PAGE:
One year of sadness.
One year of tears.
One year of unbelievable pain, in the core of my soul.
One year of not understanding and having unanswered questions.
One year of not being able to grasp reality.
One year of shock.
One year of firsts without him.
To be honest, I don’t remember a large portion of the past year. The thoughts that do come flooding through my brain revolve around that fateful day on July 2nd, 2011, and bits and pieces scattered throughout the 12 months that followed – the memorial service, planting a tree in Kurt's name at Georgia Tech, my last day at my job, moving my life into a storage unit, my dearest friend Michelle’s wedding, saying goodbye to my parents as I left for Rwanda, meeting my Rwandan “family” for the first time ... it’s like a flip book, without a complete storyline. The grief books say that when you go through a traumatic loss, your mind shuts down and only allows you to remember snippets of life throughout the grieving process, so as to protect you from being overwhelmed all at once. Maybe someday my flip book will be complete, maybe not. Maybe my flip book of life is meant to have a few pages missing. Maybe some memories are best left forgotten.
I imagined that after one year of firsts, the pain would lessen, the days would be filled with more joy, and the heaviness would ease. I discovered this week that on day 357, 358, 359, and today on day 360 that the pain is still gut-wrenching, the weight of it all is oppressive, the emptiness in my heart still feels like a gaping hole, and that the days go on and continue to add up as days without my brother in this world. Yes, the tears that are shed are fewer and far between, but they still drip down my cheeks nearly every day. I don’t know exactly what I expected it to feel like after year one, but it still feels awful and raw.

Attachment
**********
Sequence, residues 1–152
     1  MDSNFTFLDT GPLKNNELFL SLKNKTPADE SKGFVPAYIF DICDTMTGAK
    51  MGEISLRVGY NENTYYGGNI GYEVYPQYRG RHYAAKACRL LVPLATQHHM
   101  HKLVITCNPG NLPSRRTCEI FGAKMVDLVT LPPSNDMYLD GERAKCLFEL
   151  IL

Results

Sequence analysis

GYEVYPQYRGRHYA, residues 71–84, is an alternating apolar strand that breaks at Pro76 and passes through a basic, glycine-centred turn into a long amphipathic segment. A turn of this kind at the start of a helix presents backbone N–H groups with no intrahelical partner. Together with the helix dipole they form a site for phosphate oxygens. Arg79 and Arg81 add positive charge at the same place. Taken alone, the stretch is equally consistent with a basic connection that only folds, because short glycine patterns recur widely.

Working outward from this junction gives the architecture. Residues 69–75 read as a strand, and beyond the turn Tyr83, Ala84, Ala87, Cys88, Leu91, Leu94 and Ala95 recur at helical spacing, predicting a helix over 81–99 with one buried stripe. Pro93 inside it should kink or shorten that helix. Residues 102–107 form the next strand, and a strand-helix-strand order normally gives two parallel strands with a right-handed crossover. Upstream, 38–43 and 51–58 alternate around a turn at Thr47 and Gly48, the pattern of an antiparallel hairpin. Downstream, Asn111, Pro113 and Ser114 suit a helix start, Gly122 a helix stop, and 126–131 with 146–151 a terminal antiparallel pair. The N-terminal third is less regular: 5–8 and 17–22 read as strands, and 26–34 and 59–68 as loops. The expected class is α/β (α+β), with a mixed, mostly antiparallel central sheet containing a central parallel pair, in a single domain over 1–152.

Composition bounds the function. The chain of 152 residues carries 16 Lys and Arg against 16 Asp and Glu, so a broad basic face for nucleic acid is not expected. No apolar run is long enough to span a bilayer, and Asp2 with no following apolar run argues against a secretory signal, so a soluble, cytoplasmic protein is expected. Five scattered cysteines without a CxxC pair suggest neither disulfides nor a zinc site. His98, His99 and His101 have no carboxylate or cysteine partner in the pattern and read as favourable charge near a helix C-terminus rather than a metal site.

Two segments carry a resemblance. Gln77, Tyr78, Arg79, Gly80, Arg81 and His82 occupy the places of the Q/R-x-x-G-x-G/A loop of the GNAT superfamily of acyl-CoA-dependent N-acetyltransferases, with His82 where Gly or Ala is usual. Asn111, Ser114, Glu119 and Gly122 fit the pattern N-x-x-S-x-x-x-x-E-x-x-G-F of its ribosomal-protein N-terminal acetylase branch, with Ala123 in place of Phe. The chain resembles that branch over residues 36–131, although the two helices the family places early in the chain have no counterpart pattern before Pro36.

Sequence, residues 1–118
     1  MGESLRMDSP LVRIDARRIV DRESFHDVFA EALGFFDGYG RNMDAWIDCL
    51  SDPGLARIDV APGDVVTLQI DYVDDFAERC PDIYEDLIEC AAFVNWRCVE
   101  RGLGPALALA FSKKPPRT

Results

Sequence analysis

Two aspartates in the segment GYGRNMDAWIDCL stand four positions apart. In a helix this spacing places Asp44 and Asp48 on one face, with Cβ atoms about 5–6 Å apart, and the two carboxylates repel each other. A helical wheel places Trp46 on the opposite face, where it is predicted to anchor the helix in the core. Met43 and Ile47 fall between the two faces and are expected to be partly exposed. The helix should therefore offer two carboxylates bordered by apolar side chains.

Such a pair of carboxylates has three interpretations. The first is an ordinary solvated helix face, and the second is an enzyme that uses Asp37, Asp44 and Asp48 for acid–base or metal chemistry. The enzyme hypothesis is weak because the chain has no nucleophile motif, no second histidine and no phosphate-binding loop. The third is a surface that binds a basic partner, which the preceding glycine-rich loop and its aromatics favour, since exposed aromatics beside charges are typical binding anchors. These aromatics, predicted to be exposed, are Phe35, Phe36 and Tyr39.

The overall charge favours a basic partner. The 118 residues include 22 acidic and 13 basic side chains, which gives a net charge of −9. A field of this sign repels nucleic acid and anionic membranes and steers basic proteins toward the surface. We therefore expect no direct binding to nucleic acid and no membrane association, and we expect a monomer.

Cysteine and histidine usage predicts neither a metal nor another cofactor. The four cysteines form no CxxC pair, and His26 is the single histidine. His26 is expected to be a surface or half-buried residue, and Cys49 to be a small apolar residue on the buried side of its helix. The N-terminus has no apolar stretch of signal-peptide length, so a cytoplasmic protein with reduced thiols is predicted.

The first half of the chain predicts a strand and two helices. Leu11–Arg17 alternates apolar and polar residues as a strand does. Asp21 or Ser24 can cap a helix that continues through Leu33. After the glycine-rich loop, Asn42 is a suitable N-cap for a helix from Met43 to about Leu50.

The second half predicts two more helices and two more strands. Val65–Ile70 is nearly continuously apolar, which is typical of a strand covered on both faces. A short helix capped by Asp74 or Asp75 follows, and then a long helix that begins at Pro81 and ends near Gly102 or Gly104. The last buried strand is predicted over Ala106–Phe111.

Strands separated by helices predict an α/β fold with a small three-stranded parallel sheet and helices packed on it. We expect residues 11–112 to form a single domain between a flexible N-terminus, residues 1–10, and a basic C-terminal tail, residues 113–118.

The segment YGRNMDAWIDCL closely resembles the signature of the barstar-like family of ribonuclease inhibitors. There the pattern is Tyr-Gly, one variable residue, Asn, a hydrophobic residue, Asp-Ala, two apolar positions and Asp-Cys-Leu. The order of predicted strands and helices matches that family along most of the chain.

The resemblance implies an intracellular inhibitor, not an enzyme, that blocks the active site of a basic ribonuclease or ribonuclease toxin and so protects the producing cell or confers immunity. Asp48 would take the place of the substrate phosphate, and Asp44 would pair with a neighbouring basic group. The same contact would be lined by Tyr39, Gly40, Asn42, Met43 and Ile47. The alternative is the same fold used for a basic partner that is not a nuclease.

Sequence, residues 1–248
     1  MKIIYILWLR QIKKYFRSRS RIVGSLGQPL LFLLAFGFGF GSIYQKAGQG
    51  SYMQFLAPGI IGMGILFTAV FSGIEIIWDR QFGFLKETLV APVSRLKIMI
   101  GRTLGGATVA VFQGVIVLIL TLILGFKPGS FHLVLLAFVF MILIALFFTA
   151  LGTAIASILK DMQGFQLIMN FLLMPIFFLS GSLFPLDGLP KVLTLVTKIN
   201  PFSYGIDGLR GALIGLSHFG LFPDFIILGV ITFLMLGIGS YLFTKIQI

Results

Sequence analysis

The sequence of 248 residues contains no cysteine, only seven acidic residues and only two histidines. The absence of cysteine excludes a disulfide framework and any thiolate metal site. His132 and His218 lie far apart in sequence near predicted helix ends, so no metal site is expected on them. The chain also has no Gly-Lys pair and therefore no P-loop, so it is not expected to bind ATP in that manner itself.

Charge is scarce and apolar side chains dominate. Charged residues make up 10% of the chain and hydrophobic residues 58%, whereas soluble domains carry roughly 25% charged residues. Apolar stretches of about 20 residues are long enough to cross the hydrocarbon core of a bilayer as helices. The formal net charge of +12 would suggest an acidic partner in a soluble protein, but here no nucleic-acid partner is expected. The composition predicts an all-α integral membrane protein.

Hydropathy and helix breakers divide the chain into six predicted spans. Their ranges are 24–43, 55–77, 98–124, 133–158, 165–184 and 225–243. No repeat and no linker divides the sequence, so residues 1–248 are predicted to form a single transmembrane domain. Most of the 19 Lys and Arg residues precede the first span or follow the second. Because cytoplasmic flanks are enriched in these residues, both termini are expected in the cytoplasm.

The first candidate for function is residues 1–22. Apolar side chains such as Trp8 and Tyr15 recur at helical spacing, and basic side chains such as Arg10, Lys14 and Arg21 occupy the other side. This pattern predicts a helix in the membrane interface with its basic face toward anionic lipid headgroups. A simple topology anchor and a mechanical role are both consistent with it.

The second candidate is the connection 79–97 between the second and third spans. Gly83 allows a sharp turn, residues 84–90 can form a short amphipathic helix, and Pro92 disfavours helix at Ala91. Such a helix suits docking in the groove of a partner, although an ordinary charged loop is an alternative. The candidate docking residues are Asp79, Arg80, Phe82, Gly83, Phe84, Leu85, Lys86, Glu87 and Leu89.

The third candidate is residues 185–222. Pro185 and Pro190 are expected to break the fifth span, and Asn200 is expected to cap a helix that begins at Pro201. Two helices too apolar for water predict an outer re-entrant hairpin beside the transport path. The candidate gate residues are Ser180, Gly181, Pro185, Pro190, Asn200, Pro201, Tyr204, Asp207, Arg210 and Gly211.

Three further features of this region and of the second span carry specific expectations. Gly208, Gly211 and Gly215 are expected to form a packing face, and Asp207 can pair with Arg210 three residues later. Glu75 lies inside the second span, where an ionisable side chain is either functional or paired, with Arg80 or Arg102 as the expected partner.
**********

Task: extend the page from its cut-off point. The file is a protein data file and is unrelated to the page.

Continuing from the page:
I feel so far away at times from where my brother is - worlds apart. At night, I look at the stars above, and only hope that he is close to me - closer than I can tell, and closer than I can feel. I miss the years that were taken from us, from him, from this world in which he lived. I already miss the moments that have yet to unfold, knowing that he won’t be present – physically at my side. I miss the things that never dawned on me as mattering. I hear his voice and see him in my dreams. I imagine turning around and seeing him in life. I wish he were here. Wherever he is, I hope he knows how much he is missed.
If you think it can’t happen to you, it can. We are all just one phone call away from our knees and from realizing that a new normal has begun.
One year ago my brother was killed. One year ago my new normal began. One year ago an article was published that shed light on the dangers of distracted driving, and on the importance of paying attention both as a driver and as a rider. As my dad told me when I got my driving permit, "You have to be a defensive driver because although you know what you're doing behind the wheel, there are plenty of morons out there who don't." I still read the article every few weeks, and would like to share it with you in case you need a reminder of why you should respect the rules of the road.
LESSONS FROM THE WRECKAGE: Tragic death a potent reminder about simple rules of the road for bikers and motorists – by John Cork